First Oxford symposium on comparative political philosophy

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Blavatnik School of Government, University of Oxford, Radcliffe Observatory Quarter, Woodstock Road, Oxford OX2 6GG
Open to the public
This event is free - register below to attend
10-12
July 2019
Conference

Recent years have seen an increasing interest among Anglo-American political theorists in comparing the diverse ways in which thinkers of different cultural traditions address political issues. Yet, despite this growing body of literature, there is still inadequate substantive engagement across different traditions about fundamental questions in political theory and public policy. The driving interest of this symposium is to promote such engagement, comparing competing (or possibly similar) answers to substantive questions, testing arguments and assumptions across traditions in philosophical debate, and then asking whether this debate can shed light on questions of substantive policy.

This year the main theme is 'political legitimacy'. Various speakers from a range of different traditions will address such issues as:

  • What conceptions of legitimacy are there in different cultural traditions?
  • How do thinkers from different traditions discuss and understand political authority?
  • How are policymaking, institutional design, as well as governance benefited from learning non-Western perspectives on legitimacy?
  • What role should public justification and religious considerations play in a law-making procedure from comparative perspective?
  • How do we compare theories of resistance and revolution in different traditions?
  • Is it legitimate to engage in cultural and national assimilation of citizens and immigrants?

Programme

Day 1 (10 July)

10.3011:00 Registration and welcome speech

11:0013:00 Keynote speaker's speech (Professor Stephen Angle)

13:0014:00 Lunch

14:0016:00 Section 1: Legitimacy and popular sovereignty

  • Herr, Ranjoo, 'Confucian democracy as popular sovereignty'
  • Tseng, Roy, 'Public dialogue between Confucianism and British idealism'

16:0016:30 Break

16:3017:30 Section 1: Legitimacy and popular sovereignty (continued)

  • Koseoglu, Talha Mukaddesatçi, 'Political thought in Cold War Turkey'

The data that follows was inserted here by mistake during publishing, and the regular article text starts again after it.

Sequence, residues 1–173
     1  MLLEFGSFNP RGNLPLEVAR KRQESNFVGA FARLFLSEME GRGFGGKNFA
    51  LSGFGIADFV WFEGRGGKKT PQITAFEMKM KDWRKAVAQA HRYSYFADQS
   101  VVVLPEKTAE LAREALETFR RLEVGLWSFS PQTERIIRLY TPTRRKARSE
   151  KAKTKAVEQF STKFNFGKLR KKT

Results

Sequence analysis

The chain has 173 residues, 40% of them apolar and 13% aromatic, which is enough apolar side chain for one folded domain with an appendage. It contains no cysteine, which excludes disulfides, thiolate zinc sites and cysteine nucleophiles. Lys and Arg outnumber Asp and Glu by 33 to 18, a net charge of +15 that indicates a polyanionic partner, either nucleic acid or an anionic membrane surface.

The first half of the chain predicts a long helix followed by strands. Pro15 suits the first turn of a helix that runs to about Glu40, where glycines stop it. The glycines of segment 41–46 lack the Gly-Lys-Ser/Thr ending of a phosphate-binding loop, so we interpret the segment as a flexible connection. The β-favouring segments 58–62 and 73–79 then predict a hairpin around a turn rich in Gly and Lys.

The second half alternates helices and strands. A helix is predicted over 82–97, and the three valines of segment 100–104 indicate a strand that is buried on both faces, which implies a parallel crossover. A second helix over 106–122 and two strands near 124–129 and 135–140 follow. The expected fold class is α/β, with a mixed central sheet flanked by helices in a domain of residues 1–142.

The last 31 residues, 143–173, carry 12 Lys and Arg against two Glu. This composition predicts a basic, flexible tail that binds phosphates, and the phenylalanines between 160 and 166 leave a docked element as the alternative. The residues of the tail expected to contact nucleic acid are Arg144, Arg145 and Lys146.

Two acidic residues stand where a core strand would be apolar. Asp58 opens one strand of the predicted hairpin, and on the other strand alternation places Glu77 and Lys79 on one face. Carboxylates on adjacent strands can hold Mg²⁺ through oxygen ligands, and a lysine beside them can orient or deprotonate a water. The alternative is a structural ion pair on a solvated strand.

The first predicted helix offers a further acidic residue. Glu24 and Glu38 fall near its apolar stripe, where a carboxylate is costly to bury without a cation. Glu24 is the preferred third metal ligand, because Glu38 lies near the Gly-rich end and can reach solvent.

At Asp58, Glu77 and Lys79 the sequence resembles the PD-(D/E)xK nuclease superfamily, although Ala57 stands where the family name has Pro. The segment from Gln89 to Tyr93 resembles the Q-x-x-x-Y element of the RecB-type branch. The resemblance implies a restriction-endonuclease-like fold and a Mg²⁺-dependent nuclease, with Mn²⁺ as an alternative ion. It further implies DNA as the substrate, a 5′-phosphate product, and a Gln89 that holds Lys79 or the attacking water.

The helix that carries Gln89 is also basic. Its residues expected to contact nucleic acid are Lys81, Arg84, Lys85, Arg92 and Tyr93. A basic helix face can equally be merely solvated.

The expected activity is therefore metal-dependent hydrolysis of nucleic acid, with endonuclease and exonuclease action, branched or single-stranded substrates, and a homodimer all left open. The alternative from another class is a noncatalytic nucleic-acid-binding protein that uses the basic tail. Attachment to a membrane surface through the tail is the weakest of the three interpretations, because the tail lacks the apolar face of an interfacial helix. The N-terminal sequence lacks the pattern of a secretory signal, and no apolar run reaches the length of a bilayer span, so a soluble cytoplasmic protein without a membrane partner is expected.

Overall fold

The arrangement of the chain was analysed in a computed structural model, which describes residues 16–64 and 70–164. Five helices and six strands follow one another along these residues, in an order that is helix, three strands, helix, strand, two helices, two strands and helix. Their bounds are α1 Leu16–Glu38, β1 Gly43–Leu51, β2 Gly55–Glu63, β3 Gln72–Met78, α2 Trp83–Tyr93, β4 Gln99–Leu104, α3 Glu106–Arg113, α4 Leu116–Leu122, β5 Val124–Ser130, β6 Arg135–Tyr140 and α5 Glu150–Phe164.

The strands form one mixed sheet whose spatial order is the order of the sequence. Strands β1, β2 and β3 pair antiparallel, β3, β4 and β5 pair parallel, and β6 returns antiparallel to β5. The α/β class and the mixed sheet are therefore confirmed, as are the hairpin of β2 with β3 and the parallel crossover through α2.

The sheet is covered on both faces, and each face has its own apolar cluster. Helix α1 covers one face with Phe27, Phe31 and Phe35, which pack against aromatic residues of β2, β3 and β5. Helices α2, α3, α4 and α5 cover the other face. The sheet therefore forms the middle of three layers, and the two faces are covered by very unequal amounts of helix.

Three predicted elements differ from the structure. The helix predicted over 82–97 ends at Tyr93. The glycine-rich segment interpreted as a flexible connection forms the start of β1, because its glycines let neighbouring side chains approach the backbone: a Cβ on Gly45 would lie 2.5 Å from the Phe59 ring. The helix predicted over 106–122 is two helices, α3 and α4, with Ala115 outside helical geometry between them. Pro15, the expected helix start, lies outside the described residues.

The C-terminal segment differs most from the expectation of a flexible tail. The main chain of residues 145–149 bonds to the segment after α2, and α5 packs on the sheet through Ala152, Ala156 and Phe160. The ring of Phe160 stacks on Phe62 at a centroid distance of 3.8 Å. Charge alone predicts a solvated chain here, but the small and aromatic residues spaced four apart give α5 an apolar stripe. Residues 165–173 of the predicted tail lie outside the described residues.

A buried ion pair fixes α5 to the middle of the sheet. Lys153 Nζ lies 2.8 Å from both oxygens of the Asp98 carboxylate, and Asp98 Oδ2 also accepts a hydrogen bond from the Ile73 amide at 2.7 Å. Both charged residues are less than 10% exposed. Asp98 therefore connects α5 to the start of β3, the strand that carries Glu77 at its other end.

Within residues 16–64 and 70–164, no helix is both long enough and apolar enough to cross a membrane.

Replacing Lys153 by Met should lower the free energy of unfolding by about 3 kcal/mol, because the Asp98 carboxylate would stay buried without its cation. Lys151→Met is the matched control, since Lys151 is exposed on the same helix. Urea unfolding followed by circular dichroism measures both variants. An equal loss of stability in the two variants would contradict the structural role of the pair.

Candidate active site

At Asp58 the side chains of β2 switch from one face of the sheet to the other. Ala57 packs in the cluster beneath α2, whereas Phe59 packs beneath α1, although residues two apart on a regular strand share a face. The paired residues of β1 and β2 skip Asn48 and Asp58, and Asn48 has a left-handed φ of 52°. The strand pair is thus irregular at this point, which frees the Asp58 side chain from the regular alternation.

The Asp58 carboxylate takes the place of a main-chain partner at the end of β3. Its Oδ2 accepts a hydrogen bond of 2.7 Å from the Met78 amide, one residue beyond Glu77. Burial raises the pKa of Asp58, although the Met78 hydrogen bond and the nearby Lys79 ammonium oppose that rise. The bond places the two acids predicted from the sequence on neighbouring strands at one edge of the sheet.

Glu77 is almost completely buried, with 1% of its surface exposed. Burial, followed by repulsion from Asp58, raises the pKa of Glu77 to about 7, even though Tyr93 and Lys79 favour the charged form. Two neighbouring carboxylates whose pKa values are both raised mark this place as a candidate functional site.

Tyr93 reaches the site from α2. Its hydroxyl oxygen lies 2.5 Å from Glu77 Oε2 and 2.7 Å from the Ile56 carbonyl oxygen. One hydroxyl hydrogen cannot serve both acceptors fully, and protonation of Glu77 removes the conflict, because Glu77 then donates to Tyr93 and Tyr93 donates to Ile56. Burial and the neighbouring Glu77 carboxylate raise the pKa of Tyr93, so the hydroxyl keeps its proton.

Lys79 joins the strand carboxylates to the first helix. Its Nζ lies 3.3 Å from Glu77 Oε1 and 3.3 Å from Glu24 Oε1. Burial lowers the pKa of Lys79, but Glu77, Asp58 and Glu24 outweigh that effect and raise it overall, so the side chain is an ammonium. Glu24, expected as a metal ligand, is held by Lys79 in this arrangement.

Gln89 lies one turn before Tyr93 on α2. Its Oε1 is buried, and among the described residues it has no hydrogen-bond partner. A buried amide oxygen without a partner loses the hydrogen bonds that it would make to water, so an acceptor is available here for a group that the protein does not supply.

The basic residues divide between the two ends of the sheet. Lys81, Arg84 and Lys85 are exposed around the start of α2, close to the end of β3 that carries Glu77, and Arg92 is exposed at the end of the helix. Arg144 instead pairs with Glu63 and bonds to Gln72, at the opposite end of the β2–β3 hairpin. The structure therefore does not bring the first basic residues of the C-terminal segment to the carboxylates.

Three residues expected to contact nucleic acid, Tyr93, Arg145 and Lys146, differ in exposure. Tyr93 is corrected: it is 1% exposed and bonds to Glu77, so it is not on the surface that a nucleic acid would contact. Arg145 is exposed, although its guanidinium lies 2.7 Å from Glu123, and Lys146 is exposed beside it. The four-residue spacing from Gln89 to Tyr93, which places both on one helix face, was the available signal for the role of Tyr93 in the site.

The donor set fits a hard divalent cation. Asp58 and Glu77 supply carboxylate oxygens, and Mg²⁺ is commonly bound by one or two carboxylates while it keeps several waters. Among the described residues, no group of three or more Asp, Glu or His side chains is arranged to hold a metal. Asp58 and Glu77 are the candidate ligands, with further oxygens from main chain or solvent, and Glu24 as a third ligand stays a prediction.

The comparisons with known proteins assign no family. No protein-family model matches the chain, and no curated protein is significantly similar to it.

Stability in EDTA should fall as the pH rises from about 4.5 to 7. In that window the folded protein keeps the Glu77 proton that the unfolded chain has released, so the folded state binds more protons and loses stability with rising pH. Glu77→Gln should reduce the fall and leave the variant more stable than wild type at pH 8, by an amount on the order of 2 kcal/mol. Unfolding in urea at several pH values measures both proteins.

Day 2 (11 July)

09:0011:00 Section 2: Legitimacy and popular sovereignty

  • Chan, Joseph, 'Legitimacy and the Confucian service conception of authority'
  • Chan, Elton, 'Legitimacy and power relations: a Confucian case for popular sovereignty'

11:0011:30 Break

11:3012:30 Section 2: Legitimacy and popular sovereignty (continued)

  • von Vacano, Diego, 'Princely performative populism'

12:3013:30 Lunch

13:3015:30 Section 3: The cultivation of virtue

  • Wong, Baldwin, 'The division of educational labour between Confucian education and political liberalism'
  • Mang, Franz, 'Democracy, intellectual virtues and Confucianism'

15:3016:00 Break

16:0017:00 Section 3: The cultivation of virtues (continued)

  • Rathnam, Lincoln, “Ritual, consent and commitment Confucianism and political legitimacy'

Day 3 (12 July)

9:0012:00 Section 4: Ruling and resistance

  • Caporioni, Giovanni, “The limit of human plasticity Jiwei Ci on domination and resistance in liberal order'
  • Ip, Kevin, 'Political Authority and Resistance to Injustice'
  • Lee, Wilson, 'Confucianism and totalitarianism: Mengzi and Xunzi reconsidered via Arendt'
  • Lai, Larry, 'Is political resistance morally justified in authoritarian regime? A Chinese Legalist perspective'

12:0013:00 Lunch

13:00–16:00 Session 5: Legitimacy in context

  • Zhao, Wenqing, 'Two laws, not one  legitimacy and legality in Huang Zongxij
  • Kwon, Kyung Rok, 'Affective accountability and political legitimacy in Confucian Sentimentalist representation'
  • Rodrigues, Shaunna, 'An Islamic justification of a liberal political conception'

After 16:00 Conference ends. A free discussion of future collaboration in bar afterwards.

Please note: Lunch will not be provided during the conference.